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Employee shares – Changes due to the German Future Financing Act

Many employers try to create motivation and retention incentives for employees via attractive remuneration packages that go beyond traditional salary payments. Employee shares could form part of such a package. They constitute an important instrument in the competitive market for highly skilled staff, in particular, for start-ups.

Taxation of employee shares

In 2021, a special provision was introduced, via Section 19a of the Income Tax Act (Einkommenssteuergesetz, EStG), on the tax treatment of capital participations. This provision promoted the acquisition of real company shares where equity participations (e.g. shares or interests in a GmbH [German private limited company]) are directly transferred to employees. In contrast to this, there are also so-called virtual shares where the employees participate in the company’s success via special payments that depend on how the business performs; however, here the employees do not receive any shares. In actual fact, few companies have made use of the provision that promotes transfers of real shares because employees were frequently faced with the problem of so-called dry income. What is meant here is when, from a tax perspective, the benefit from the participation that has been received is deemed to have already been realised even though the capital gain has not yet been paid to the employee. This would be the case, for example, when moving to a new employer or when a time-limit has expired. Consequently, tax would have to be paid even though there has been no liquidity inflow. As a result, employees could be faced with considerable financial challenges. 

The provisions relating to employee shares were adjusted and expanded via the Future Financing Act (Zukunftsfinanzierungsgesetz, ZuFinG). The aim of the lawmakers was thus to mobilise more private capital, make Germany a more attractive financial centre and invigorate the equity culture in Germany.

Changes for start-ups due to the Future Financing Act

The aim of the changes is to create, in particular, better conditions for start-ups as well as for small and medium-sized enterprises (SMEs).

Defusing the dry income problem

With a view to defusing the dry income problem of Section 19a EStG, the ZuFinG provided for the adjustment or additions to the following provisions:

  • Taxation of the non-cash benefits from capital participations at the very latest after 15 years instead of previously after 12 years (Section 19a(4) sentence 1 no. 2 EStG).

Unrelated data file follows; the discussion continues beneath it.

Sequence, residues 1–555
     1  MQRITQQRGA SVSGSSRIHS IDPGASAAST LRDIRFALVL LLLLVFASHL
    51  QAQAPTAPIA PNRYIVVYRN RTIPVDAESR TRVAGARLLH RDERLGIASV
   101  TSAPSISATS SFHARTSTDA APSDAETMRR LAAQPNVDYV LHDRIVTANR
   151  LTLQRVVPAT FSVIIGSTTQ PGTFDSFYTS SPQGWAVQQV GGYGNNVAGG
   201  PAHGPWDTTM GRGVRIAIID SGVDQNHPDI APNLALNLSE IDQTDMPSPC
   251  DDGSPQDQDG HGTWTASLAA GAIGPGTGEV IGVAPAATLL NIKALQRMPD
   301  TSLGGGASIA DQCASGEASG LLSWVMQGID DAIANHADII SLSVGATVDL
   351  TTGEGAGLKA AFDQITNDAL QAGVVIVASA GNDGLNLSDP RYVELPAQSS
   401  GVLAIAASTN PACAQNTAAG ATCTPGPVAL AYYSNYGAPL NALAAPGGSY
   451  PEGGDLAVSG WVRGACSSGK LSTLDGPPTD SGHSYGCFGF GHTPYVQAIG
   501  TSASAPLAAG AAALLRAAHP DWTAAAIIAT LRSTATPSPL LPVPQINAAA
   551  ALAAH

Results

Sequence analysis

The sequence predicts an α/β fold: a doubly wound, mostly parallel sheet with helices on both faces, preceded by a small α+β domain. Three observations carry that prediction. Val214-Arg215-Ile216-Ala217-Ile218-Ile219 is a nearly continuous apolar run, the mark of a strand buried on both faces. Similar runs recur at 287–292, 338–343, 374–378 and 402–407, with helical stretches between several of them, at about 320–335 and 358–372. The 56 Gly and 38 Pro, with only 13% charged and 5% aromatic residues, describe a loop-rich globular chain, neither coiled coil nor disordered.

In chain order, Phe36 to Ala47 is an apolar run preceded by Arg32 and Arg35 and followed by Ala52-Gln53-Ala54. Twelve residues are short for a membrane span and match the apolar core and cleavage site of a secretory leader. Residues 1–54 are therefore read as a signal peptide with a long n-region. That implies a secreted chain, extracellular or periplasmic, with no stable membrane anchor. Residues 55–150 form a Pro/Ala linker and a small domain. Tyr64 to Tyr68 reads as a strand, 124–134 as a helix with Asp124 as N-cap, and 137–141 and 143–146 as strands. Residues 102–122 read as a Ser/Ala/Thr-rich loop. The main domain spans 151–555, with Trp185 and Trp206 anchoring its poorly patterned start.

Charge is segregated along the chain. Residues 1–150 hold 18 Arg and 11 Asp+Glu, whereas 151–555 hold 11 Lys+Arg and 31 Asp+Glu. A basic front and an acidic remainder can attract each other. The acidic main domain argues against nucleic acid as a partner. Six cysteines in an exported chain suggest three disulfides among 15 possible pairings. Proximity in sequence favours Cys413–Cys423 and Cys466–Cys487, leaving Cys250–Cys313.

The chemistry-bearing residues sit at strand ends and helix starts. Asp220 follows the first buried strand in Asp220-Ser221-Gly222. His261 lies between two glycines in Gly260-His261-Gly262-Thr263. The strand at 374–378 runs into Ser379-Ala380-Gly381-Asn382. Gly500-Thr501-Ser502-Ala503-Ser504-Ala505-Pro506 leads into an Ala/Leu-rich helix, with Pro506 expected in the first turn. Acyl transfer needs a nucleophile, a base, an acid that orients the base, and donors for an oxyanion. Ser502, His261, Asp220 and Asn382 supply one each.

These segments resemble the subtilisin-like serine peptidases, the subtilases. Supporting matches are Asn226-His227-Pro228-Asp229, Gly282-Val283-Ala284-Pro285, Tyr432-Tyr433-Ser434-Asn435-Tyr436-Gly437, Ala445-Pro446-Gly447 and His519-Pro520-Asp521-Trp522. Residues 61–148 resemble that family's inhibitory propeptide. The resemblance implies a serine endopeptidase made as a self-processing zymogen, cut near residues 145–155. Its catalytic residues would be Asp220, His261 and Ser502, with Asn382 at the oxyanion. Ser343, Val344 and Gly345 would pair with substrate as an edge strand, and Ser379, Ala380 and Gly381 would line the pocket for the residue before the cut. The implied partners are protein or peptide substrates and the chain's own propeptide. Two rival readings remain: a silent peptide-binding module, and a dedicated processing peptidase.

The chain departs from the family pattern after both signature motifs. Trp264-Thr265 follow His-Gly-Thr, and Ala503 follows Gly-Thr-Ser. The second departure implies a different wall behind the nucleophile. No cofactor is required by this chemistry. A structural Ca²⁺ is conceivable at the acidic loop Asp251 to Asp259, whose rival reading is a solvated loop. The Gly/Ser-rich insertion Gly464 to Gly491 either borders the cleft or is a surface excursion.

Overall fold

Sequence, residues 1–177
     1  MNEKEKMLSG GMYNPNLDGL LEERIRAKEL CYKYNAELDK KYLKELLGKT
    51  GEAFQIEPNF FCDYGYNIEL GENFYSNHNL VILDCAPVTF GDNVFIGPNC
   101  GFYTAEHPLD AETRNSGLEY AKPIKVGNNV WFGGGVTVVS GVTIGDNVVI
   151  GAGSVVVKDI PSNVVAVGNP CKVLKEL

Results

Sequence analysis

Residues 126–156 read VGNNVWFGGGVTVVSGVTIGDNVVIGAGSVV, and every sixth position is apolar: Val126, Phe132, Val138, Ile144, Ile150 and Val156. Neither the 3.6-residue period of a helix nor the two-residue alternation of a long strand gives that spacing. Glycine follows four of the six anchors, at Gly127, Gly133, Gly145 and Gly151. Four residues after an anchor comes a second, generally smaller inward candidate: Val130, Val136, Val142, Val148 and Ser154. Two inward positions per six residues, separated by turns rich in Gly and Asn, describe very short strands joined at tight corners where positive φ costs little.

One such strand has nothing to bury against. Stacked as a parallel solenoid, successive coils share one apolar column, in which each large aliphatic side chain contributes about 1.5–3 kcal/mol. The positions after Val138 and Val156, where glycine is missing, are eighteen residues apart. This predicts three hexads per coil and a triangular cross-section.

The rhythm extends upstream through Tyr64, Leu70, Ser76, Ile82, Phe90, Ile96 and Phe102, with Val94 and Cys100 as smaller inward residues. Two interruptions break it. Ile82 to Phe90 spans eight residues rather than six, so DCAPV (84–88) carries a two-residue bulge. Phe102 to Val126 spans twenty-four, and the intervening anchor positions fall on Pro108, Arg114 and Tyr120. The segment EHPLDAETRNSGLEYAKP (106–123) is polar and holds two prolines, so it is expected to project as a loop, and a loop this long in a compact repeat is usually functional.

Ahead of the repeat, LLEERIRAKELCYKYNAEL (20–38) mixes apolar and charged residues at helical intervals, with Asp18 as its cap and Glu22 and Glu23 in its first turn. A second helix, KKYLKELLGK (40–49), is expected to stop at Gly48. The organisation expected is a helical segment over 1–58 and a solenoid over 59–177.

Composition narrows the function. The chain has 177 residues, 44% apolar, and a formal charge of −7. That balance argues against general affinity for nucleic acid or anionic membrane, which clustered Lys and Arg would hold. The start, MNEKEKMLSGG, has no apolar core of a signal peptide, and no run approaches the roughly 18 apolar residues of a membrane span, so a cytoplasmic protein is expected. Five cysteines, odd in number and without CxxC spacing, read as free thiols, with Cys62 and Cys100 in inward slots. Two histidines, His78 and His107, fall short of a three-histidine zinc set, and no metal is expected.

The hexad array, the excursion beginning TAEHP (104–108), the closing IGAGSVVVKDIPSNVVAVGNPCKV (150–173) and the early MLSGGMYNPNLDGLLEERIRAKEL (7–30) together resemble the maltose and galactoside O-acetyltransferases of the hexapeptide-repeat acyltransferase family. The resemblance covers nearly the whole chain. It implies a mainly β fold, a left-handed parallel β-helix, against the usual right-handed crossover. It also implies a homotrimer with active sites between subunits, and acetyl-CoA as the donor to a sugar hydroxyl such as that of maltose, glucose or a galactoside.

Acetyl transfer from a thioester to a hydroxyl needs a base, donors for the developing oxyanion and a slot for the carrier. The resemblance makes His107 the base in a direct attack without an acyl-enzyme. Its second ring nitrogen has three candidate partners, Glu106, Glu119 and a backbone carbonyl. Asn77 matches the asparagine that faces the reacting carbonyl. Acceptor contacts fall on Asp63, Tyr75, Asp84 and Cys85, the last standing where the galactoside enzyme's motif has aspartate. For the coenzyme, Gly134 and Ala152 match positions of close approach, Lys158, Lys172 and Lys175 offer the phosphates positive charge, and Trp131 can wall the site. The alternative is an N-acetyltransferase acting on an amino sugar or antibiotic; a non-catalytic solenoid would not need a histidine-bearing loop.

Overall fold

• In the case of a buy-back of the shares by the employer, solely the remuneration paid will be relevant and no longer the fair market value (Section 19a(4) sentence 4 EStG).
  • No taxation after the end of the employment relationship or the back tax deadline if the employer declares that it is willing to assume responsibility for paying the payroll tax related to a subsequent sale (Section 19a(4a) EStG).
  • Now, besides shares in a company itself, the more favourable tax treatment has also been extended to transfers of shares from shareholders to employees (Section 19a(1) sentence 1 EStG).
  • The tax deferral will also be granted for shares with restricted transferability (Section 19a(1) sentence 3 EStG)

Broadening the scope of application 

In addition to the deferred taxation provisions, the scope of application of the rules has been broadened. In future, more companies will have the opportunity to benefit from the preferential treatment. It will be possible to make use of the privileges in future if the thresholds listed below have not been exceeded on the transfer date or in the six preceding calendar years. The founding date of a company may now already be 20 (previously 12) years ago (Section 19a(3) EStG).

Thresholds Previously Now
Annual revenues or total assets max. €50m or €43m max. €100m or €86m
Number of employees 250 1,000

Requirements linked to the type of participation

In order to be able to make use of the privileges, the employee has to hold an actual interest in the capital of the company and not just virtual shares. For example, in the case of a GmbH, an employee would have to be granted genuine capital interests; this would require an agreement authenticated by a notary. The privileges under Section 19a EStG would also apply if the interest is granted indirectly via a partnership – this is normally done by means of a simple written agreement. 

Please note: The extension of the provision under Section 19a EStG to companies in a group where the staff member is not employed had been included in the draft of the legislation, however this was not implemented.

Changes for all companies

Apart from the provision described above for young companies, the tax-exempt amount for shares in the employer’s company – which are obtained free of charge or transferred at a discount within the scope of the employment relationship – was increased generally for all companies, pursuant to Section 3 no. 39 sentence 1 EStG, from €1,440 to €2,000 per calendar year. Here, in contrast to Section 19a EStG, shares in companies defined in Section 18 of the German Stock Corporation Act are still privileged, too. This means that, for example, shares in group companies may also be transferred in cases where the member of staff is not employed.

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